It was my daughters full of their futures and my wife with only a past. I watched a horrible form of dying in a lovely room I knew intimately—and I was inside a womb watching a birth into a place I couldn’t reach. I was soaking in grief and I was flooded with relief.
 
It was all death and it was all life.
 
As I look back at this terribly beautiful night, I realize that it was the formative experience of a sense of Eternal Mystery and life that has gradually grown and been confirmed in the years since then.
 
In fact, in the years since that night, astonishing things have happened to expand my sense of that experience. I got to know a wonderful woman named Steffani. We became best friends and more. We married and live in what must be the loveliest little house in the world. I cannot imagine a better marriage, a better life with another person. (People tell me that will change after a couple of years. 
I don’t believe them.) Not only that, but Monica and Hannah are thriving—and occasionally grieving as part of their thriving.
 
I have never been more at peace, more settled, more joyful, more content.
 
So every day I try to remember to give myself a little lecture. I say, “Pay attention. Look around. Savor what you have been given. You might not get another chance. So many people don’t. Give thanks for one thing in this moment. The color of that tree. The ability to read. The taste of this cookie. Work you love. Astonishing daughters. The chance to share your most intimate self with the most wonderful woman in the world. The fact that you have been blessed to live life with your daughters beyond their 13th and 15th years. The rare reality that your daughters love their stepmother very much—and she them (in spite of all the fairy tales to the contrary).”
 
I know that whatever difficulty I have had in my life pales in comparison to the lives of most of the world. I can barely even begin to imagine what those lives might be like. So daily I remind myself to pay attention to what this good life brings me. I don’t find that easy. Far from it. It is a training exercise. It is practice for living—in the grand traditions of asceticism (which means “training” or “practice”—in the way of athletes). But this small move—the effort to notice the experience of each moment, the move to notice it and name it and consider it (even to enter into it, with God’s presence) and not allow it to control me—this small move, done over and over, contains in it all the potential to change the world.
 
Some time ago my daughter Hannah told Steffani, her very new stepmother at that time, of a dream she’d had—a nightmare, in fact. In the dream Hannah had come to realize that her mother was still alive—that she had just gone away for a time and was coming back. Hannah, in the dream, was ecstatic. But then horrified. Because in the dream she saw that this meant that Steffani could not be a part of her life anymore. Hannah so desperately wanted her mother back. And she couldn’t stand the thought of Steffani leaving. As Hannah talked with Steffani about the dream, Hannah reflected on the tragic fact that the deep joy she had found with Steffani had come at the inconceivable expense of her mother’s horrible death.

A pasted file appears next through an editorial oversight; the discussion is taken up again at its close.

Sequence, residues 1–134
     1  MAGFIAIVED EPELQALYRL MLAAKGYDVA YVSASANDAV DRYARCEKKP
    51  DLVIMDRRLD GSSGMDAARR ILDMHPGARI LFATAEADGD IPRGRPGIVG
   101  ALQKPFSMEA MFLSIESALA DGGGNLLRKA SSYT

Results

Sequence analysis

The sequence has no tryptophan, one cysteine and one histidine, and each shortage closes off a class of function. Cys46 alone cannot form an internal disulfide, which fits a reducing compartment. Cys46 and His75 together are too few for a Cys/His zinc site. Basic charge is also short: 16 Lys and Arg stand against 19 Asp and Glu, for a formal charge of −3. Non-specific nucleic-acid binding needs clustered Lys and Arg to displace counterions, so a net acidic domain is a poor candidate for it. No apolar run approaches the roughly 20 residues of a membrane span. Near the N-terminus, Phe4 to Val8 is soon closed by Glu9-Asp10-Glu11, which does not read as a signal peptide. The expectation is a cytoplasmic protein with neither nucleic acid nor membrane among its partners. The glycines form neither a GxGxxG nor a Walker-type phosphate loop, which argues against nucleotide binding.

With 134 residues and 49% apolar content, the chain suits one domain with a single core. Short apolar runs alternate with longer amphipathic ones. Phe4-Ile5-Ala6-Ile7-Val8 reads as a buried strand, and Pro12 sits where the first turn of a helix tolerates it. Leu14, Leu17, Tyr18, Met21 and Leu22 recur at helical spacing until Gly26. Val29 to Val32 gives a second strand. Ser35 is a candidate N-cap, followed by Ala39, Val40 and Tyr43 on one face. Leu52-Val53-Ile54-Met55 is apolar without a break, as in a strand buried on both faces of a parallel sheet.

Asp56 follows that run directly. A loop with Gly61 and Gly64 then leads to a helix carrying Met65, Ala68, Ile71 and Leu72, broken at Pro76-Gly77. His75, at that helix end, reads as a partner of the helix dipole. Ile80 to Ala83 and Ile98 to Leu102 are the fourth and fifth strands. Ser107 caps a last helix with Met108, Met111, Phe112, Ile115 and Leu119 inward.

This is the kind of thing that hits us when we pay attention. It is not easy, but I believe it lies at the heart of what it means to be alive: the reality that any moment of deep love, divine presence, probably bumps up against some touch of great pain. Or the fact that intense joy may come only because of a horrible sorrow. Or the realization that blessings in my corner of the world correspond with sufferings in some other part of the world. Water always seems to be changing to wine, and wine to vinegar. The crucifixion and the resurrection together. Not in any particular order. Sometimes collapsed into the same thick moment. The ecstasy made all the brighter in the company of agony. The agony made all the deeper in the company of ecstasy. And the hope that in the midst of all of that I will be free to live my life as an expression of God’s love.
 
It’s true: Within me and within the life of the world there is such a mass of entangled, complicated turnings and twistings and shoutings and moanings and laughs and songs and wonderings and longings and aches and pains and joys. Much of the time it isn’t pretty. But that’s what I have to work with. That’s what the Spirit has to work with. So I keep reminding myself to pay attention—and trying to trust that “all will be well, all will be well, and all manner of things will be well.”
 
Andy Dreitcer ’79 is associate professor of spirituality, director of spiritual formation, and co-director of the Center for Engaged Compassion at Claremont School of Theology. He lives with his wife, Steffani, and daughters, Hannah and Monica, in Fairfax, CA. Read more at www.triptykos.com
 
“Pay Attention” was edited from a “Last Lecture” delivered to students at the Claremont School of Theology.